By keeping active, our ancestors kept their back-supporting muscles, such as their gluteus and abdominals, well toned and able to support the spine. Our modern, immobile life style allows these muscles to deteriorate and become weak. And when we are weak, we are a sitting duck to the persistent force of gravity.

Gravity bears down on us 24 hours a day whether we are mobile or immobile. In an immobile state, our muscles need to apply static pressure in order to counteract gravity. Static pressure is work. Blood flows into a muscle, and it contracts. If the muscle is not moving, the blood remains stagnant, and the muscle and the veins and arteries remain under constant pressure. When this happens for a long period of time, problems can occur.
An artery supplying blood to a stagnant muscle is a little like a garden hose that is turned off at the nozzle. If the situation is left for a long time, the hose and its fittings may become damaged, as they are not designed to handle constant pressure. 

As a result of fighting gravity for extended periods of time, our muscles can become stiff and sore. If this condition persists for long enough, they can become either shortened or stretched, causing a muscular imbalance. This kind of condition literally builds bad posture into our body, making it very difficult to make corrections.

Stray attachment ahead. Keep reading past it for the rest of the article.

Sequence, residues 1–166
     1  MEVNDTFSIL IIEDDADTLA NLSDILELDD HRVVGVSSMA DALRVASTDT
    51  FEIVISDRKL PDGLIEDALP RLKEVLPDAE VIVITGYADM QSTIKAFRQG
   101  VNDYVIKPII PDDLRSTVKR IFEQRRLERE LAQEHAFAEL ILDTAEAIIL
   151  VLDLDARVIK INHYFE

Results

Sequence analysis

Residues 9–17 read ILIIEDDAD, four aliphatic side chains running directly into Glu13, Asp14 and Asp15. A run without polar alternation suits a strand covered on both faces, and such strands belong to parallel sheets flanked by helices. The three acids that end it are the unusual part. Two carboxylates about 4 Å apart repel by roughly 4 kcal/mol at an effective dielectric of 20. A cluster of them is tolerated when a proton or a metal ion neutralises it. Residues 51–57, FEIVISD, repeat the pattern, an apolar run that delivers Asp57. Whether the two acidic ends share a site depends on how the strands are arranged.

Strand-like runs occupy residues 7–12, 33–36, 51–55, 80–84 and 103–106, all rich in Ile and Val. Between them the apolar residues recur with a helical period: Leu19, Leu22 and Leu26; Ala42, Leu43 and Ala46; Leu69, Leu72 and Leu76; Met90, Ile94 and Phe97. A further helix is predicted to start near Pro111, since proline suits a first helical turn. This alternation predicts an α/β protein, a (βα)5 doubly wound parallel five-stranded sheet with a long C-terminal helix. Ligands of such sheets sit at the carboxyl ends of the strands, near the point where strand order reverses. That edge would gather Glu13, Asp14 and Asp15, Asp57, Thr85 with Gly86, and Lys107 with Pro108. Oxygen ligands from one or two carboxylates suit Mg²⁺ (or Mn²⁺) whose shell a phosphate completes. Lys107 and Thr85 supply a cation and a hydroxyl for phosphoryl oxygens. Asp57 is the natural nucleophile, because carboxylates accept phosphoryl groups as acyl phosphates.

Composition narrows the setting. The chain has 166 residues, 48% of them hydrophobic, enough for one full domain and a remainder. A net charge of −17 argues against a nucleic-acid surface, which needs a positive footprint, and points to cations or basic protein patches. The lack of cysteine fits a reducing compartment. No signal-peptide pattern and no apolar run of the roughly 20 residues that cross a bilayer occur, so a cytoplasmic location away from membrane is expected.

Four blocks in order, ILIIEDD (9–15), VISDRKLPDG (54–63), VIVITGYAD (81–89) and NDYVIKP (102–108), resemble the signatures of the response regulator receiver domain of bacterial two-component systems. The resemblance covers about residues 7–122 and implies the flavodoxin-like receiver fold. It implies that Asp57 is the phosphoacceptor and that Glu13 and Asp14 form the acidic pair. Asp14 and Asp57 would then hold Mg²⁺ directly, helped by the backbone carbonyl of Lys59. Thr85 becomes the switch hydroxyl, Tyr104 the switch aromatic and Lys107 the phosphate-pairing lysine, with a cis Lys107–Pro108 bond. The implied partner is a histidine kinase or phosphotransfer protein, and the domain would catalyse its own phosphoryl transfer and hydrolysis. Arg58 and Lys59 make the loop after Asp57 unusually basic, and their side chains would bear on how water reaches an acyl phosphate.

The continuous pressure against muscles, nerves, veins, and other tissue takes its toll over time. The individual may not feel pain until a problem has existed for a decade or more. When the pain occurs, it appears to come out of nowhere, and the sufferer typically fails to see the years of habit building up to the symptom.

Causes of Cumulative Stress: 
7 Worst Practices

Back injuries appear to be caused by little things – lifting a jar out of the refrigerator, for example. But events like these are only catalysts. The real damage is caused by cumulative stress during the many hours we are immobile. Here is where some of the worst damage occurs.

In bed, sleeping with inadequate support for our head, neck, and upper back. This creates pressure on muscles and nerves in neck and shoulders, creating a variety of symptoms including headaches, snoring, numbness in the arms and hands, stiff neck, and insomnia.
In bed, sleeping on a mattress that offers inadequate support. This puts areas of the spine under stress, causing lower back pain, stiffness, and leg pain.
In the car, seated without proper back support while traveling short or long distances. This causes lower back pain, poor circulation, numbness in the legs and stiffness in the neck.